Language and the Internet

(Axel Boer) #1


inhabitant, more English-speaking people, etc.). The
counter-attack is not to ‘fight against English’ and even less to
whine about it, but to increase sites in other languages. As a
translation service, we also recommend the multilingualism of

Tyler Chambers, creator of various Web language projects, agrees:

the future of the Internet is even more multilingualism and
cross-cultural exploration and understanding than we’ve already

The point seems to be uncontentious among those who shaped the
Web. Tim Berners-Lee, for example:^55

The Web must allow equal access to those in different economic
and political situations; those who have physical or cognitive
disabilities;those of different cultures; and those who use different
languages with different characters that read in different
directions across a page.

The problem is a practical one, but a great deal has been done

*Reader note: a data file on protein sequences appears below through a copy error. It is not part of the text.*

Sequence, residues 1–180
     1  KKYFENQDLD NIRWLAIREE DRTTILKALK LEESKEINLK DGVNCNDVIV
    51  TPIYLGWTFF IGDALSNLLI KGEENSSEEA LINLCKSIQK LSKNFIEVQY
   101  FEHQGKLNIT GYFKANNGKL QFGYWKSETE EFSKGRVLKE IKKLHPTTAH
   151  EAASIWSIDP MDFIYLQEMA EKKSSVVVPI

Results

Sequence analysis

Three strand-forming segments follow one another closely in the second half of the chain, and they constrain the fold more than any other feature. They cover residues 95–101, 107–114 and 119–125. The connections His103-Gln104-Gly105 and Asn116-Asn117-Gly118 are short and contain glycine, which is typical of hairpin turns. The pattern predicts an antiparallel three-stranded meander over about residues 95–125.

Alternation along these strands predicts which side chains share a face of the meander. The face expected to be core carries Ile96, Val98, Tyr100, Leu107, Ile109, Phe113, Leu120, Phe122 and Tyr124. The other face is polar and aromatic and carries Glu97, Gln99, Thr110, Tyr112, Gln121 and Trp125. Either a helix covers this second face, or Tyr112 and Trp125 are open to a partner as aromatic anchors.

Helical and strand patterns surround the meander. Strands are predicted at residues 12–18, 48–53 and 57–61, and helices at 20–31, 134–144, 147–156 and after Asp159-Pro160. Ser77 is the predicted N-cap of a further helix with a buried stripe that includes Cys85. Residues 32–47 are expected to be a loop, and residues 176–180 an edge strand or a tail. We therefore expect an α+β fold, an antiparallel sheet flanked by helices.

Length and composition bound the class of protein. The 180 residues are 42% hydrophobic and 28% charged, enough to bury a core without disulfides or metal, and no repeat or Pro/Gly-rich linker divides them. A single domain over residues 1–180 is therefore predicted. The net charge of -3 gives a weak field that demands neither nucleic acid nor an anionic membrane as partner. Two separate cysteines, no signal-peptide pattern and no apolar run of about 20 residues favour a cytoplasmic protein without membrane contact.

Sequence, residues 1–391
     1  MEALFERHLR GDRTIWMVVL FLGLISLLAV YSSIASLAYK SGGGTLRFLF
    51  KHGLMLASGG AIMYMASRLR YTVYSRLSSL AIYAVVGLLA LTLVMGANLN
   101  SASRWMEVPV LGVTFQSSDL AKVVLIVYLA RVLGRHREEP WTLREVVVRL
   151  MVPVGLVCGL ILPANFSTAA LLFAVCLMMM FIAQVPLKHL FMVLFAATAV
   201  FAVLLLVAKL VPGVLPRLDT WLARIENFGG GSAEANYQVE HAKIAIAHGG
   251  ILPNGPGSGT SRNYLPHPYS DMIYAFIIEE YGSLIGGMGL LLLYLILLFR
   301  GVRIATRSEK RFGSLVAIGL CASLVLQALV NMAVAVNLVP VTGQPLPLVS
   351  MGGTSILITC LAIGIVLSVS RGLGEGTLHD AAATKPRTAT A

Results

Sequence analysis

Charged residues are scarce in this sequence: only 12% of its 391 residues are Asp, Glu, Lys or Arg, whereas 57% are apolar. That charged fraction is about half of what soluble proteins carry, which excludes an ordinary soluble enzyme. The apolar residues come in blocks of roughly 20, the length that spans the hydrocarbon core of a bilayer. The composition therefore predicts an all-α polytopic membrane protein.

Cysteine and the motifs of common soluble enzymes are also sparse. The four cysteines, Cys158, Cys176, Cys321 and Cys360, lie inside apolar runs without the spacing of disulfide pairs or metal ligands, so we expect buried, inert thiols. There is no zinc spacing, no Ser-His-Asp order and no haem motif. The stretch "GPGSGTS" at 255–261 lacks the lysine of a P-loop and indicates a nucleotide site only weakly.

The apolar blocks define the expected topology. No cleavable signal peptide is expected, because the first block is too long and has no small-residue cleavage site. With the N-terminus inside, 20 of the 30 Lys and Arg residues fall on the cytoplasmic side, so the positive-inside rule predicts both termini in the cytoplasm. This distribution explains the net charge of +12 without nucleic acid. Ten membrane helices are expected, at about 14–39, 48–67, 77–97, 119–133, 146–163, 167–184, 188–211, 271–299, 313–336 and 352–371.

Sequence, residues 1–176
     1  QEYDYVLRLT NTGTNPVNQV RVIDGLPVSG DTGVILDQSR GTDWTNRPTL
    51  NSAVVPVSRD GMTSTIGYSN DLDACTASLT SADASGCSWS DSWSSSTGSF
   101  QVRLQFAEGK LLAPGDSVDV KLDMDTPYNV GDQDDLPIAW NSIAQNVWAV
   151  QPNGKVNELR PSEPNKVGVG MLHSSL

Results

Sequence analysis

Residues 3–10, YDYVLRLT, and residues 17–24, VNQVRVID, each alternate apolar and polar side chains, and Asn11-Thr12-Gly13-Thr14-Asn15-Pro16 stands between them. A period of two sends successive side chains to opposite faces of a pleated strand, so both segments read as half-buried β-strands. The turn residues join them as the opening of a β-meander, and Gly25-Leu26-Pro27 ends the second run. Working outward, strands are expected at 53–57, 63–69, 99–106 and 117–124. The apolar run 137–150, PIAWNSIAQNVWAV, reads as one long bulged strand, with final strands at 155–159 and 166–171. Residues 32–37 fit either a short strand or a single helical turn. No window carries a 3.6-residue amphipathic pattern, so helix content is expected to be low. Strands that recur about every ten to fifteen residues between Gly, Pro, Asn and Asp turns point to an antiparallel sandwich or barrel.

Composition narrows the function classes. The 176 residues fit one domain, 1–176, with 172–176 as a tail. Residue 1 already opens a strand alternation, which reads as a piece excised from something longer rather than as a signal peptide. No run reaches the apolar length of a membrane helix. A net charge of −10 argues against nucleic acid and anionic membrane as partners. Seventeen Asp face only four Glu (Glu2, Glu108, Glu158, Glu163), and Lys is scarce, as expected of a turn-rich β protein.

since the mid-1990s.^56 First, the ASCII character set was extended,
so that non-English accents and diacritics could be included, but
its 8-bit restriction meant that only a maximum of 256 characters
could be handled – a tiny number compared with the array of
languages in the world which do not use the Latin alphabet.^57 The
UNICODE system represents each character with 16 bits, allow-
ing over 65,000 characters; but the implementation of this system is
still in its infancy.^58 The Web consortium now has an internation-
alization activity looking specifically at different alphabets, so that
operating systems can support a page in any alphabet. And Berners-
Lee looks forward to the day when the linking of meanings, within
and between languages, is possible through the use of ‘inference

(^55) Berners-Lee (1999: 178).
(^56) As reviewed, for example, by Bourbonnais and Yergeau (1996).
(^57) For the world’s writing systems, see Daniels and Bright (1996).
(^58) See the Unicode site at; also the review of fonts and special
characters in Condron (2000b).

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